Under 18 U.S.C. § 3583(d), a district "court may order, as a further condition of supervised release, ... any condition set forth as a discretionary condition of probation in [ 18 U.S.C. § 3563(b) ] and any other condition it considers to be appropriate." Dean challenges the search condition on the grounds that it is not reasonably related to the 18 U.S.C. § 3553(a) factors, lacks a factual basis, and is not narrowly tailored to ensure the least deprivation of liberty necessary. He argues his claim should be reviewed for an abuse of discretion because he had no meaningful opportunity to object and, alternately, that he can meet the plain error standard if it applies. The Government counters that Dean’s appeal should be reviewed for plain error, but under either standard, his claim is unavailing. We agree with the Government that Dean’s appeal should be reviewed for plain error. Dean’s challenge to the special condition of supervised release does not satisfy that standard.
When the defendant objects at sentencing to a special condition of supervised release, this court reviews for an abuse of discretion. United States v. Woods , 547 F.3d 515, 517 (5th Cir. 2008) (per curiam). Absent an objection, "this court reviews for plain error only." United States v. Bishop , 603 F.3d 279, 280 (5th Cir. 2010).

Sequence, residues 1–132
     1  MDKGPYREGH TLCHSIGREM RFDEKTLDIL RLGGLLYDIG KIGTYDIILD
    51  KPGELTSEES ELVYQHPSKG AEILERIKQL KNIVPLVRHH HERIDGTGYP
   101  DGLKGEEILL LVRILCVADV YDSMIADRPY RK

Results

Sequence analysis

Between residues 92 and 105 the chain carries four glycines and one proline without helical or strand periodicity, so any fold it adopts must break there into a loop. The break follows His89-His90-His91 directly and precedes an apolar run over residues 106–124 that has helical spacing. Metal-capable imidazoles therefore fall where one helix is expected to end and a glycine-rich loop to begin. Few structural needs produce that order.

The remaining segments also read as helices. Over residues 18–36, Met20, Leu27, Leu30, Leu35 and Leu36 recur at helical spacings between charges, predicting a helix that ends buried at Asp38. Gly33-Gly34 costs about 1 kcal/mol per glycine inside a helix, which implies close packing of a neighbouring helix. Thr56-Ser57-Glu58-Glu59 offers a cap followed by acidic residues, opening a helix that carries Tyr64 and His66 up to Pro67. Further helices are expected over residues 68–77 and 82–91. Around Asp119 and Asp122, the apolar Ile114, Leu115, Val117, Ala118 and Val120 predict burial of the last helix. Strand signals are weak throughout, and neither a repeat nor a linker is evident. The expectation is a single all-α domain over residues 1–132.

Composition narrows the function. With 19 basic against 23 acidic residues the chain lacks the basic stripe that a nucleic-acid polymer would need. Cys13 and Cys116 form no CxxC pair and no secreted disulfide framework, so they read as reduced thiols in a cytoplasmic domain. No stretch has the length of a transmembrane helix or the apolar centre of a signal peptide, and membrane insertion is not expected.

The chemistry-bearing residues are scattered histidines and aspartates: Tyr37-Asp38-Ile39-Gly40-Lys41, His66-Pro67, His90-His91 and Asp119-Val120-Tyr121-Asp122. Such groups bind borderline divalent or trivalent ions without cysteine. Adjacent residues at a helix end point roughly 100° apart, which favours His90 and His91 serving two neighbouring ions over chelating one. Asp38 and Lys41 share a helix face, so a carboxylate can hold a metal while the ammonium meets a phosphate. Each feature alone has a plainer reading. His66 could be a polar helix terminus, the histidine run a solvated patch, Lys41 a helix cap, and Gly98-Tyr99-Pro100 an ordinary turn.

Dean does not dispute that he failed to raise an objection to the special condition during sentencing, but he claims he lacked a "meaningful opportunity to object." When a defendant has not been provided a meaningful opportunity to object, this Court reviews sentencing for an abuse of discretion. See United States v. Rivas-Estrada , 906 F.3d 346, 348-50 (5th Cir. 2018). Rivas-Estrada reasoned that the purpose behind the "opportunity to object" is "to give fair notice." Id . at 349. Dean had ample notice. The record shows that Dean received a copy of the PSR over a month before sentencing but filed no objection. At the sentencing hearing, the district court orally confirmed that Dean’s attorney reviewed the report with him and asked if there were objections. None were raised. Then the court explicitly stated, "Additionally, the defendant shall submit to the search condition of the district." Still there was no objection. Because Dean had notice of the conditions and "an opportunity to contest [the] conditions at the sentencing hearing," his claim is reviewed for plain error. United States v. Rouland , 726 F.3d 728, 733-34 (5th Cir. 2013).
Under the plain error standard, Dean "must show 1) an error; 2) that is clear or obvious 3) that affects substantial rights and 4) that seriously affects the fairness, integrity, or public reputation of judicial proceedings." United States v. Huor , 852 F.3d 392, 398 (5th Cir. 2017) (internal quotation marks and citation omitted).